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Texas Legislators Seeking Statewide Ban on Texting While Driving

Unlike the majority of the states across the country, texting while driving is not currently illegal in the State of Texas. This is despite evidence showing that looking at a cell phone while driving can lead to dangerous and deadly car accidents. Car accidents are common occurrences, even when a driver is not distracted. However, accidents become even more common in cases where drivers are texting and driving. In fact, according to, an official U.S. Government website for distracted driving, text messaging creates a crash risk 23 times worse than driving while not distracted. Additionally, according to the Texas Department of Transportation, of the state’s 3,048 traffic fatalities in 2011, distracted driving ranks third on the list of causes.

Unfortunately, the State of Texas lags behind 39 other states and the District of Columbia, and has no official ban on texting while driving. In 2011, State Rep. Tom Craddick, R-Midland, passed a bill called the Alex Brown Memorial Act in honor of 17-year old girl killed in a single-vehicle accident while texting and driving. The bill would have prohibited texting in driving throughout the State of Texas, but Governor Rick Perry, citing that the states should not micromanage people’s behavior, vetoed the bill.

The good news is that state legislators are once again seeking to have some sort of distracted while driving bans established that would hopefully limit drivers from texting behind the wheel. Rep. Craddick is among a half dozen legislators who filed bills for the 2013 Legislative Session seeking a statewide ban on texting while driving. Although the proposed bills vary, all of them look to placing restrictions on the use of handheld wireless communications while driving. The bills are gaining momentum in the Legislature and could pass again. Although Gov. Perry can veto the bill, this time around, there is a chance it could be overridden by a veto. If passed, these laws will most likely not go into effect until 2014.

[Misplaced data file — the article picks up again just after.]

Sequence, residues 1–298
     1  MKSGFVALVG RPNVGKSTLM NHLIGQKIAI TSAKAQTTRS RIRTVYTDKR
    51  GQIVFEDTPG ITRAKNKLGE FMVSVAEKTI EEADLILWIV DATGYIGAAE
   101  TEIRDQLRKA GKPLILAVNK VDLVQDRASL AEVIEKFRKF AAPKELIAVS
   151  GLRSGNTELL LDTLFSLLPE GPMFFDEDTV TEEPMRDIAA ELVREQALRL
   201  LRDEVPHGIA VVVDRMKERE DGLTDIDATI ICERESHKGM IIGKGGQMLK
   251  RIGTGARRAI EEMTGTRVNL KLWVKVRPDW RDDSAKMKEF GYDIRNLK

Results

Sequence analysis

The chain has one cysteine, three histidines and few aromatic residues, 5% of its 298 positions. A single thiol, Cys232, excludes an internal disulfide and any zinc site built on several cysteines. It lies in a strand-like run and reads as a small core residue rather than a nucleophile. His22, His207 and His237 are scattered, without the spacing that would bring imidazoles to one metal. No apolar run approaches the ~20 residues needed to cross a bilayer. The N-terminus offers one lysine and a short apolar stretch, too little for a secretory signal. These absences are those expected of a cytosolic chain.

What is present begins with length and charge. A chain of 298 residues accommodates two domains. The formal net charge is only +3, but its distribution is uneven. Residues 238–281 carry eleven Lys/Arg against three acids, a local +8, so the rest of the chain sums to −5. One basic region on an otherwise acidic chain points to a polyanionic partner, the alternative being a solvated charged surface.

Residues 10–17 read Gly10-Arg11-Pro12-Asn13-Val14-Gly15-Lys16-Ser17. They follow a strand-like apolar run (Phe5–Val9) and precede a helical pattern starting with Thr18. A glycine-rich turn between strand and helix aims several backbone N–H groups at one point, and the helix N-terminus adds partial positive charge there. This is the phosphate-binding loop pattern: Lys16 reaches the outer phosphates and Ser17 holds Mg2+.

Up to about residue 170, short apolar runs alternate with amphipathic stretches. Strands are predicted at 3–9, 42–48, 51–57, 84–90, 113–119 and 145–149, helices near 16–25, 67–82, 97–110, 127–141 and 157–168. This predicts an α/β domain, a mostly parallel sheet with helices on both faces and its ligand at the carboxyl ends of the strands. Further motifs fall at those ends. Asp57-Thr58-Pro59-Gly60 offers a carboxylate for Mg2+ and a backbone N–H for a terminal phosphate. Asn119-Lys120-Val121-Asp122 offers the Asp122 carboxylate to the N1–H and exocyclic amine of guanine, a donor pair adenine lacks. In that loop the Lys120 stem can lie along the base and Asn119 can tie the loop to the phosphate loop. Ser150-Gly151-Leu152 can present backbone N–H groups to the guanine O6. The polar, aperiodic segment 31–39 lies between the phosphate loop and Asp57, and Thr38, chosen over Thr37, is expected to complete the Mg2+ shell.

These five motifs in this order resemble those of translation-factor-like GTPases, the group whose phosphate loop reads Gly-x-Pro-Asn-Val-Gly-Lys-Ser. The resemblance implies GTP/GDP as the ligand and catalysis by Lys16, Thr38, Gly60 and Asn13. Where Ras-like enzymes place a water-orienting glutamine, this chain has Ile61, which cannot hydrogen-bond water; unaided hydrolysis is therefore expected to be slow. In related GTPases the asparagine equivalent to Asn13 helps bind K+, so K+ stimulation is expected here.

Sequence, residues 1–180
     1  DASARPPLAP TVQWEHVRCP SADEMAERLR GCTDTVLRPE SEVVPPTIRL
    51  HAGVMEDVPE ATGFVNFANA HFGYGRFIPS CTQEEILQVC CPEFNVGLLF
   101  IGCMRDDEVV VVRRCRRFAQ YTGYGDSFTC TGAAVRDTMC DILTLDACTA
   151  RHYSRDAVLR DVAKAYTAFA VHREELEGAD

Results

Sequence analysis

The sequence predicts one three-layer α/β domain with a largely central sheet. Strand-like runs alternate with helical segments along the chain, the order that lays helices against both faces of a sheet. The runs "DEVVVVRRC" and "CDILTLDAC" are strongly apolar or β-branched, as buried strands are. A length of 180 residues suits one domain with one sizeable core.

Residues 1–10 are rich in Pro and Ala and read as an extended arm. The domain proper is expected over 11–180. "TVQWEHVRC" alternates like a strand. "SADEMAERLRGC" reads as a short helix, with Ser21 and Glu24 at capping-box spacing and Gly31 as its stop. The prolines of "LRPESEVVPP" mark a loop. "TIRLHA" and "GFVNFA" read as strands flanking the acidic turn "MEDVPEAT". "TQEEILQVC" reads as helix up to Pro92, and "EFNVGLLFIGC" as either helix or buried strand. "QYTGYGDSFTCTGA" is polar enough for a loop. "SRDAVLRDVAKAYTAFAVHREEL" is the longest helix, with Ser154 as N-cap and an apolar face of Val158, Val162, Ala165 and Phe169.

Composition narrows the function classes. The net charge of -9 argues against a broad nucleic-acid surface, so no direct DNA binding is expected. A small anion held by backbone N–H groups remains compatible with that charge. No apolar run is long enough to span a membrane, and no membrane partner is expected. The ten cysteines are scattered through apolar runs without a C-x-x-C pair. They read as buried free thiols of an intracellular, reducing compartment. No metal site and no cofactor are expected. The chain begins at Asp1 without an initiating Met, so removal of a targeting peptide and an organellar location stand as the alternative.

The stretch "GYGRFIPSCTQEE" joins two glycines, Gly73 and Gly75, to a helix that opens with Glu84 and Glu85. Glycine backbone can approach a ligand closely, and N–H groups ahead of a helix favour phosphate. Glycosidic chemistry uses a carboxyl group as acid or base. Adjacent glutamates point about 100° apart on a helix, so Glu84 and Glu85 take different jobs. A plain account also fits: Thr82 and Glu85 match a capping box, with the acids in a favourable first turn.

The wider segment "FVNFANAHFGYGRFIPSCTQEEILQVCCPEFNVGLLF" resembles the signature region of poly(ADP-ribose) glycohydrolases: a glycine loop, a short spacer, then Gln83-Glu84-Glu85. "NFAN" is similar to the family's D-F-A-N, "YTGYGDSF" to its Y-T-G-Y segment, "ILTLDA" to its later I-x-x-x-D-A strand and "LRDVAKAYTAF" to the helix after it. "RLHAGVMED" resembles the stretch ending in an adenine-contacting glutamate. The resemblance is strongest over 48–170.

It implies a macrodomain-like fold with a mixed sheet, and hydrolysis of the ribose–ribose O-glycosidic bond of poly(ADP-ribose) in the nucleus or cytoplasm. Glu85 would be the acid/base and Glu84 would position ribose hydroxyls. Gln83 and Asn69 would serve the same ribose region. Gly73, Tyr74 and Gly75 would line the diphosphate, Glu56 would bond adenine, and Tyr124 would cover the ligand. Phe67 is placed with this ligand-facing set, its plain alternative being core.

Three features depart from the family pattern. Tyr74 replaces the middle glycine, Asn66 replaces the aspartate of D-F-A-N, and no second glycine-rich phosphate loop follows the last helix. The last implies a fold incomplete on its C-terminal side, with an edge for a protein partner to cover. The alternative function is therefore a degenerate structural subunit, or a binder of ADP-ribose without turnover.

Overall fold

With the exception of drivers in school zones, novice drivers, and school bus drivers, there is no statewide prohibition on using your cell phone and texting while driving in Texas. Specifically, the following laws are currently in place:

• Drivers under the age of 18 are not allowed to using their cell phone at all while driving –meaning they cannot text, surf the Internet, or place calls.

• Drivers are prohibited from using handheld devices in school crossing zones.

• New drivers with Learners Permits may not use handheld devices during the first six months of driving
• School bus drivers are not allowed to text or use any other form of hands free devices while behind the wheel with passengers ages 17 or under.

In each of these cases, an officer can stop and cite a driver for using a cellphone without a secondary reason for pulling the driver over. Notably, Texas also has a category for cell phone/electronic equipment distraction on police accident report forms.

While there is no current statewide ban on texting, many local jurisdictions throughout Texas, including San Antonio, have enacted local distracted while driving laws. Specifically, texting and driving is prohibited within the city limits of San Antonio. In fact, in January 2012, San Antonio’s school district even fired a school bus driver after he was caught texting while transporting students.

Even though there is no official statewide texting while driving ban, there are certain handheld device driving restrictions in place in many cities throughout Texas, and you may still have a claim against a distracted driver. In the event that you or someone you know were recently in a car accident caused by a distracted driver, call a San Antonio personal injury lawyer at Carabin Shaw.

Related Blog Post:

U.S. Transportation Secretary Calls for Federal Cell Phone Ban, Texas Injuries Lawyer Blog, April 28, 2012

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